The race is on to a lunar oasis

Headed to the moon

As I write this column, two spacecraft are racing towards the Moon—one is Russian, the other Indian.

They share the same destination, deep, dark craters near the lunar South Pole where we believe there is water. This is an issue of great importance. If there are useful quantities of accessible water on the Moon, life for us on the Moon will be a lot easier. Otherwise, every drop of water will have to come from somewhere else, probably the Earth.

Almost all of the lunar surface, plus the soils below it, are extremely dry, having been heated and cooled in a vacuum for billions of years,

It is interesting that the Earth and Moon were made around the same time from the same stuff. However, we live in what could be the wettest place in the Solar System, whereas the rock and soil samples brought back from the Moon by the Apollo astronauts were all bone-dry.

Radio telescope studies also indicate a lack of water. Why did these two worlds end up so different?

Basically, as in many areas of astronomy, the mass of an object makes all the difference. The Moon's mass is 1/81 that of the Earth. The gravitational pull on its surface is about 1/6 of that we experience on the surface of the Earth. These numbers meant the Earth would end up as a mild, watery world with an atmosphere, whereas the Moon would end up as an airless, dry rock.

It is widely believed when the Earth was forming, it was hit by a body around the size of Mars. When the material ejected by the impact came together again, we had two bodies, the young Earth and a newly born Moon.

In the beginning, the Moon probably had a molten core, just like the one in the centre of the Earth, and an atmosphere similar to the Earth's before living things modified it. Flows in the core region generated electrical currents, which in turn generated a magnetic field that held the solar wind away from the young Moon.

However, the core cooled, the motions stopped and the magnetic field vanished. The solar wind then set to work scouring away the Moon's atmosphere. Today the solar wind hits the lunar surface. The Apollo astronauts deployed special solar wind catchers when there.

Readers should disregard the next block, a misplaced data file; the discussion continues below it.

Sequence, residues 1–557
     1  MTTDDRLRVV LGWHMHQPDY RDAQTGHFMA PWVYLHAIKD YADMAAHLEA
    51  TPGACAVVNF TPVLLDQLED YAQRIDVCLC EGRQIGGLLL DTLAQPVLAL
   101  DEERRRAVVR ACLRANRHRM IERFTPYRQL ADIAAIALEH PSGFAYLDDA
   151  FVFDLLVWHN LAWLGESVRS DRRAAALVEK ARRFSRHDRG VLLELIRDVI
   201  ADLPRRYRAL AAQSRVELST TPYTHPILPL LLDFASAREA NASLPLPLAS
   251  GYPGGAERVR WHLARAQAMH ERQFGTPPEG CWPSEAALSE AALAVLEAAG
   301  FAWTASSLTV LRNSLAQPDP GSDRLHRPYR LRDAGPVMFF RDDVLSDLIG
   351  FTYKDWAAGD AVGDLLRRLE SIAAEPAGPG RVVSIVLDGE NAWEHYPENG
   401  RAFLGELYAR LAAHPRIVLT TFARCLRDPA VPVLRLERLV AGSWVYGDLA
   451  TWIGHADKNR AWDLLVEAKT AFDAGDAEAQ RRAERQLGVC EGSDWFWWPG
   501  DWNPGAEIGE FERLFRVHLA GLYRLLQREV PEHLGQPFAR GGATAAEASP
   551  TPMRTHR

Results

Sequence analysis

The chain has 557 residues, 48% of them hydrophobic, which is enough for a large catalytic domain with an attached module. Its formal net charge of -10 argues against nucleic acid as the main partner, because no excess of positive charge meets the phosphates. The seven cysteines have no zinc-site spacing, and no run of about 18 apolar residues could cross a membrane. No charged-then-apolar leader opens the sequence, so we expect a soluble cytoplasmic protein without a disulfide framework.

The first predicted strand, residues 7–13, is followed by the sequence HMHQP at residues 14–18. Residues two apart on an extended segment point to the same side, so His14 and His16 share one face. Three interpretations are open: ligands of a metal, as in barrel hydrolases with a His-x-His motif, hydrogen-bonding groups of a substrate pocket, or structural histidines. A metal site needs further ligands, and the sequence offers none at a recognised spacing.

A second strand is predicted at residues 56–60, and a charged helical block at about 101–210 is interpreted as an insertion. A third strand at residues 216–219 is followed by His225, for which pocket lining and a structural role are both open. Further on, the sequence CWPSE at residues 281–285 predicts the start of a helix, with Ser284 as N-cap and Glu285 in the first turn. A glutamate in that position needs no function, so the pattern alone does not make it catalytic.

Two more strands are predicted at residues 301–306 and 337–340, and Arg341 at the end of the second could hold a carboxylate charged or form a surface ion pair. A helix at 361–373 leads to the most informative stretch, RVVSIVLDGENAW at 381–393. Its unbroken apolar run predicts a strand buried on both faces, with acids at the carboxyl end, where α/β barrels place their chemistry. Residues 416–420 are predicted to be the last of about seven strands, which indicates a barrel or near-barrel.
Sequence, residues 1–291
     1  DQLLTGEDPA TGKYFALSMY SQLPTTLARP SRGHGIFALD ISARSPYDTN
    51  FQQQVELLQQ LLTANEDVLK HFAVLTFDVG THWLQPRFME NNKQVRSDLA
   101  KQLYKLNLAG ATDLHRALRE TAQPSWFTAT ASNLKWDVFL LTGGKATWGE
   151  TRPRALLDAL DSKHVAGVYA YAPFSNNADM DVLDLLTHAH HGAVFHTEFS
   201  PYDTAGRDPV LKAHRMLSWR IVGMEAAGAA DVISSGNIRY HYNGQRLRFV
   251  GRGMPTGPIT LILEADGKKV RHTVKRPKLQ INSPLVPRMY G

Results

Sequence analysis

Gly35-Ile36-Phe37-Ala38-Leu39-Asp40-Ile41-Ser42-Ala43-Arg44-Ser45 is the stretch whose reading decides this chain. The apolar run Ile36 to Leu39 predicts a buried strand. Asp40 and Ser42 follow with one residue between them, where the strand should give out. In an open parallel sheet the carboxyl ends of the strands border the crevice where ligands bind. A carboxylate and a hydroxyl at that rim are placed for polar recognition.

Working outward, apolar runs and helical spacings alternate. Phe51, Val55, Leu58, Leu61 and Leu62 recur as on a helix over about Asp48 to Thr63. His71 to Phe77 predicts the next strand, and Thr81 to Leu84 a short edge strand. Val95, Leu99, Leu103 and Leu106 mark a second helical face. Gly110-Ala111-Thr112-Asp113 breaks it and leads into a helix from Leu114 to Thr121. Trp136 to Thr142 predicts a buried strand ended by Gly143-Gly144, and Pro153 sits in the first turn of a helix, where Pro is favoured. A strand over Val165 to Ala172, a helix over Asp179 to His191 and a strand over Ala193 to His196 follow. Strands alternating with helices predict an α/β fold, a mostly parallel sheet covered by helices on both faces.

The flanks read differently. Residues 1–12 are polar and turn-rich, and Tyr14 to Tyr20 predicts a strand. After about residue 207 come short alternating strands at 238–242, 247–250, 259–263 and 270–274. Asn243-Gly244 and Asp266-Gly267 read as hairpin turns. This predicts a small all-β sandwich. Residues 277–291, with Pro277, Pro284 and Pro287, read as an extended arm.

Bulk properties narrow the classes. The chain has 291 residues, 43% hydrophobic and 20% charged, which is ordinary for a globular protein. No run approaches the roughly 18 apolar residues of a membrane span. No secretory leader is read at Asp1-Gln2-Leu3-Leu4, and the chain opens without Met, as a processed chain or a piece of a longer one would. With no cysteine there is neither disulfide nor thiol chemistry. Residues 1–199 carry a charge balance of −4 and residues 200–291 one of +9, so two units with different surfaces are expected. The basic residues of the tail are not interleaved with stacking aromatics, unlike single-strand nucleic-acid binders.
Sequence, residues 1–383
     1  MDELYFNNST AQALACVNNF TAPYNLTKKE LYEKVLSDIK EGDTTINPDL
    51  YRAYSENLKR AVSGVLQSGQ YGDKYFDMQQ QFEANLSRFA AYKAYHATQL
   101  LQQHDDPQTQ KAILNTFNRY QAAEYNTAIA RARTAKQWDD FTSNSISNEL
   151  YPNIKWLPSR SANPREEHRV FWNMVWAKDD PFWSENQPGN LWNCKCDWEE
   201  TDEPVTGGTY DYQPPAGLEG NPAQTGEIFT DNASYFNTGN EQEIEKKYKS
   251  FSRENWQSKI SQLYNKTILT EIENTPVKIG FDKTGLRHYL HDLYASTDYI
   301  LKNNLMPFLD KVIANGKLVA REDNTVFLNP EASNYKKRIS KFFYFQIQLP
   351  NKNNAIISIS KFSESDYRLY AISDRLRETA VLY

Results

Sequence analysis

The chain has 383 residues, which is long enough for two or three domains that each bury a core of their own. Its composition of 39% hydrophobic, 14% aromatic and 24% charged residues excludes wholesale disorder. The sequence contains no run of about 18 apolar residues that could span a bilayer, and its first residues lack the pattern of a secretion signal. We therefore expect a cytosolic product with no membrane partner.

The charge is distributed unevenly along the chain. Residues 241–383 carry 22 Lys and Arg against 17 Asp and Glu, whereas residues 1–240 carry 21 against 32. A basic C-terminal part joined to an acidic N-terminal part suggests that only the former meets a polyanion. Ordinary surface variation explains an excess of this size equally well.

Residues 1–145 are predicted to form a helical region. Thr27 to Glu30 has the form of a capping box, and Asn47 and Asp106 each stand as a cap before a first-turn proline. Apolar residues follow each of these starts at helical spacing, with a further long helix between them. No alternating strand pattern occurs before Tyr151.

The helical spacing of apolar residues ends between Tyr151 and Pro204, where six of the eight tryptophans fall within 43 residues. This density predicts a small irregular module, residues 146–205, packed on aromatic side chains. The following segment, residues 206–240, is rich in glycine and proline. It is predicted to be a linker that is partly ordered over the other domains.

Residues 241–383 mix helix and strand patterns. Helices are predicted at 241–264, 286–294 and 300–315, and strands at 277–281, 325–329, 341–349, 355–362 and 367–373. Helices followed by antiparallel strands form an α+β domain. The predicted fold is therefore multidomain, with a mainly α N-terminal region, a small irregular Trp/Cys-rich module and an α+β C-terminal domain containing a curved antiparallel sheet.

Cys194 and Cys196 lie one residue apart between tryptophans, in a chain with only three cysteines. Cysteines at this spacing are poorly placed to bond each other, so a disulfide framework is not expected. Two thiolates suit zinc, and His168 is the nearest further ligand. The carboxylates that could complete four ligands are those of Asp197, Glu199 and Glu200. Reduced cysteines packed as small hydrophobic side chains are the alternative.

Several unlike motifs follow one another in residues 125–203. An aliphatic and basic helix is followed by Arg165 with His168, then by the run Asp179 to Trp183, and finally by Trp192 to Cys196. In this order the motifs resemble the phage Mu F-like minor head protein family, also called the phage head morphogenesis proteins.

The Moon's weaker gravity did not help. It allowed the atmosphere to extend further into space, where its gravitational hold on it was weaker, which made it easier for it to be scrubbed away or even just drift out into space.

Once the Moon had lost its atmosphere the surface temperature changes during the lunar day became huge. We get a much weaker form of this on Earth. When we have sunny days and clear nights, we get the largest daily temperature differences.

On the Moon, with almost no atmosphere and days that are around 28 of our days long, there is a lot of time for heating up and cooling down. Around local noon, temperatures on the lunar surface at its equator reach around 130 C and at nightfall to around -130 C.

Billions of years of undergoing these temperature variations, in a vacuum, the lunar surface layers have dried out almost completely. Some water comes in from space, as icy meteorites and comet dust. Over most of the lunar surface the daytime heat sends that water back into space very promptly. However, there are deep craters around the poles where there is never any sunlight. These places get very cold and will retain water. Over billions of years, a lot may have accumulated.

Deep below the lunar surface there could be layers of ice or permafrost. Even if that water is there—which is still a big question—it will take a lot of effort to access.

Those accumulations of surface ice in deep craters around the poles would be a start for the first explorers who are building lunar bases. It is possible that is all the water to be had.


• Saturn rises around 9 p.m. and Jupiter around 11 p.m. In hilly places, they will appear later.

• The Moon will reach its first quarter Aug. 24.

Ken Tapping is an astronomer with the National Research Council's Dominion Radio Astrophysical Observatory near Penticton.

This article is written by or on behalf of an outsourced columnist and does not necessarily reflect the views of Castanet.

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About the Author

Ken Tapping is an astronomer born in the U.K. He has been with the National Research Council since 1975 and moved to the Okanagan in 1990.  

He plays guitar with a couple of local jazz bands and has written weekly astronomy articles since 1992. 

Tapping has a doctorate from the University of Utrecht in The Netherlands.

[email protected]

The views expressed are strictly those of the author and not necessarily those of Castanet. Castanet does not warrant the contents.

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